Tuesday, March 31, 2009

"Good Friday, The Death of Irish Republicanism"- a review.

Despite his history and background (ex-IRA "blanketman," imprisoned in his teens, served 17 years in the Maze), Anthony McIntyre’s writings and experiences have fascinated me for sometime. He is a leading voice for those within Irish Republicanism who have disagreed with the Adams clique, arguing not for a return to the euphemistically-titled "physical-force tradition", but a renewal of the ideals he believes the Sinn Fein hierarchy have abandoned.

So, yes, he is (like David Vance within Unionism I suppose) a "dissident", someone who refuses to accept the political orthodoxy laid down by those above in the control pyramid. However, whereas the worst that the likes of Vance (or also myself I guess) who strays from standard Northern Irish Unionist orthodoxy can expect is a proverbial smack across the bottom from the DUP's Press-Office attack-hounds, McIntyre has risked real physical injury for daring to challenge The Adams' Family’s shibboleths

Like "Unionism Decayed", "Good Friday, The Death of Irish Republicanism" is organised on a thematic basis, with chapters covering the Belfast Agreement, republican "martyrs", The Colombia 3, Decommissioning, the 1981 Hunger Strikers, the suppression of dissent, Robert McCartney's murder, informers "Stakeknife" and Denis Donaldson, those who speak out against the Adams-McGuinness party line, the Northern Bank robbery, policing under the PSNI reforms, and ultimately, the final failure of the Republican Movement. Most of the pieces were written at the time of the various events and appeared originally in the ezine The Blanket.

I feel this thematic approach works better here than it does in "Unionism Decayed", mainly because the one underlying thread of the book, that is the complete and suffocating control Adams has demanded and received from the SF cannon fodder, operates as the literary bridge between the various topics. Again, it’s a book, which (although I most certainly would not agree with a lot of its underlying philosophy) is impossible to put down. It would have, in certain places, benefited from updates and occasionally McIntyre employs the unnecessary verbiage of the political post-grad, but in terms of the overall style of the book these really are minor quibbles.

The message he conveys is an optimistic one...from the point of the view of the unionist reader that is! Despite the Spin and PR, Sinn Fein are no closer to their 32-county nirvana than the IRA were at the time of Sunningdale. The Adams' Thought-Police has so stifled free-thought and debate within their own ranks that whilst the young Shinners of the 80s would have been knocking you back with quotes from Bolivian revolutionaries and obscure Austrian philosophers, the present-day Ogras are restricted to painting post-boxes green for Ireland and falling off Orange-Hall rooves whilst nicking union-jacks! More seriously, both within journalism and the blogging world, there is not one Sinn Fein aligned (and like no other party, are there Sinn Fein-"aligned" journalists and bloggers), who is prepared to step outside the ideological strait-jacket and seriously question where their movement, or more particularly, its leadership, is heading. And any political movement which does not constantly question and examine its policies, targets and leadership will not be capable of progressing beyond their idealogical and (in a Northern Ireland context anyway) communal ghetto. Something which all of us involved or interested in Northern Irish Unionism should also bear in mind.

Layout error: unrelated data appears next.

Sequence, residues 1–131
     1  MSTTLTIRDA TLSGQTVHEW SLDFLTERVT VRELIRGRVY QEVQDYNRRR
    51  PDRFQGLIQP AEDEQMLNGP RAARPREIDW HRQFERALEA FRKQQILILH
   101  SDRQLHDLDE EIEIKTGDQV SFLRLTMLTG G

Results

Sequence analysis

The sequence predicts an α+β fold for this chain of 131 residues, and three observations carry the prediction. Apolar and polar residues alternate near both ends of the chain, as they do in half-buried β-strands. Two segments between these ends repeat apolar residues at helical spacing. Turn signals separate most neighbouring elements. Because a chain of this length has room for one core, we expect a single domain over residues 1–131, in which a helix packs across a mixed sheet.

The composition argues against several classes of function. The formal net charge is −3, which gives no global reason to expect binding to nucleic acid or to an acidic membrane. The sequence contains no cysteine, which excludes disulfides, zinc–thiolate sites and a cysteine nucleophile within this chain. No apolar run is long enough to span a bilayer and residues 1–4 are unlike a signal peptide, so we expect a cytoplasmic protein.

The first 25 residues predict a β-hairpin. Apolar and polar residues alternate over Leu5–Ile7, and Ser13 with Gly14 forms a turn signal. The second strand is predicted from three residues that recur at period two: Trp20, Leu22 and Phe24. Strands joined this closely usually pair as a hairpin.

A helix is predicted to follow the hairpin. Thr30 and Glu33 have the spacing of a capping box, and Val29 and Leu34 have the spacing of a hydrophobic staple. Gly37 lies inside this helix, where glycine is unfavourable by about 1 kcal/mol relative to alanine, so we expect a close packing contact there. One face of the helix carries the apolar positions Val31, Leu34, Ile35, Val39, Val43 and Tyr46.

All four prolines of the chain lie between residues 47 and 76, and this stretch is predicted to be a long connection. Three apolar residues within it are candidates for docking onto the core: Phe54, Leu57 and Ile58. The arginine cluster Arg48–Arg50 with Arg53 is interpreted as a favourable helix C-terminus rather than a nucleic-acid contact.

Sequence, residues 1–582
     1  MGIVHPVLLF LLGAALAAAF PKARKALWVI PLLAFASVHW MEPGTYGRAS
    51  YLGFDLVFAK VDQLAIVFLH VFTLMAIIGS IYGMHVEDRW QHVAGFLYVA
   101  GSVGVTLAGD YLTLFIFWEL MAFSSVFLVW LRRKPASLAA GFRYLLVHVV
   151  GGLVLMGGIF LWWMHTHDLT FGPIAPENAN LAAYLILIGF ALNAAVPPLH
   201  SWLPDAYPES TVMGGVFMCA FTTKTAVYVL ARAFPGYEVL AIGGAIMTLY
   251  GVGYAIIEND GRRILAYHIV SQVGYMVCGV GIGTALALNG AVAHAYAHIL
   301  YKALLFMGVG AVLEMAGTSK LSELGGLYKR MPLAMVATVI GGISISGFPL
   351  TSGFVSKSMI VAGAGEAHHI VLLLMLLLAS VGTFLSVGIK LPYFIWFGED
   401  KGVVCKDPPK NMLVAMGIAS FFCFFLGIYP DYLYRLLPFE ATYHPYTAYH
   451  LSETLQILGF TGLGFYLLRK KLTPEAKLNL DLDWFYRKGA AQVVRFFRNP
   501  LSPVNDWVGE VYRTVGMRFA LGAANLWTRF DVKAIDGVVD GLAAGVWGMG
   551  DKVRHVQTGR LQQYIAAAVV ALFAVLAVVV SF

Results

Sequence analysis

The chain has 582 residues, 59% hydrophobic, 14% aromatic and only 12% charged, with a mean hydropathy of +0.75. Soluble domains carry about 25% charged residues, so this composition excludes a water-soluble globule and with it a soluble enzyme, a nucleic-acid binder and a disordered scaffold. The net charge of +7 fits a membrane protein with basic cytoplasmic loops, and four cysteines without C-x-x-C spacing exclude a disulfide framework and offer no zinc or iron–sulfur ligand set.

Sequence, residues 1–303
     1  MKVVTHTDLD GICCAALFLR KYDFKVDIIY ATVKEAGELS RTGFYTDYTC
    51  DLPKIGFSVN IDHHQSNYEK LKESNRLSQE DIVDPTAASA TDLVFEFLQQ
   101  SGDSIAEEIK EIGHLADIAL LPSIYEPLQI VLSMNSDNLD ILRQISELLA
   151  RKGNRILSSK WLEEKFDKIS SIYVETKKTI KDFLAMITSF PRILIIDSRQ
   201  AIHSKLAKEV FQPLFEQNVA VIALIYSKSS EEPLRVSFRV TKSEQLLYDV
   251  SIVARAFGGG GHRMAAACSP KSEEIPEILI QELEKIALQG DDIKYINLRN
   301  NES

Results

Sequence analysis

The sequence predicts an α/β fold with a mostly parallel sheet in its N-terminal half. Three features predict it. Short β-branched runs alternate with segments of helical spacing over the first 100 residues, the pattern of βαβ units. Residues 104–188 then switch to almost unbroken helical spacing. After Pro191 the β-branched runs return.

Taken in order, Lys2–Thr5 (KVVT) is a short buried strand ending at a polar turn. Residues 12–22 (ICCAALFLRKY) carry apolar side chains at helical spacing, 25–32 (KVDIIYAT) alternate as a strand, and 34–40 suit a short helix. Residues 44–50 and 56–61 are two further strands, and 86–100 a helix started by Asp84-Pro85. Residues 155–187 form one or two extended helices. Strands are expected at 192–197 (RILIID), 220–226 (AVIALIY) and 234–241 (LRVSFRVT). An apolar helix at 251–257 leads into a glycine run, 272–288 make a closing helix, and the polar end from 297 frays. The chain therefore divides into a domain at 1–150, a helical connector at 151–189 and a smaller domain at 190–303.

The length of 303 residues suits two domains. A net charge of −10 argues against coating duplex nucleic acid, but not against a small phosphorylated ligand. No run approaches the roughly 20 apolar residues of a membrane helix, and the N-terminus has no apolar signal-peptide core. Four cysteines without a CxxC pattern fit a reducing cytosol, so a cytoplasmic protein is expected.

You've gathered by now that this is a book which I'd have no problems recommending to all interested in both Northern Irish politics and the concept of the open society which should underly all democracies. The only query I'd pose to McIntyre, like with Vance yesterday, is "Yes, you've outlined the problems well... any chance now of a solution?" And having read both books in quick succession, the other main question that's left in my mind is that with Messrs Vance and McIntyre both claiming their side lost the "Peace Process"...one of the them must be wrong, which one?

3 comments:

tony said...

>>"So, yes, he is (like David Vance within Unionism I suppose) a "dissident""<<

Lol! True, but there most definitely the comparison ends.

>>"both within journalism and the blogging world, there is not one Sinn Fein aligned (and like no other party, are there Sinn Fein-"aligned" journalists and bloggers), who is prepared to step outside the ideological strait-jacket and seriously question where their movement, or more particularly, its leadership, is heading."<<

Not true, Chris Gaskin over at Balrog wrote several excellent pieces. One that stands out was after the woeful showing after the recent Irish general election.

Gael gan Náire said...

Funny enough, I havent read either of these books but intend to read them together as a pair. Are they are a pair?

O'Neill said...

Not true, Chris Gaskin over at Balrog wrote several excellent pieces.

Tony,

He's also backflipped on the such fundamental matters as support for the PSNI. The fact that I was surprised by his post post the Irish-election proves my as well as your point

GGN,

I think its interesting reading together and comparing their opinions on such matters as the RUC/PSNI and with both being thematic, this is easy enough to do so. They are both also a "pair" in that they are stating opinions* which are not being heard mainstream in an intelligent and logical way.




* With David Vance, I'd increasingly have to limit that observation to the book he's written.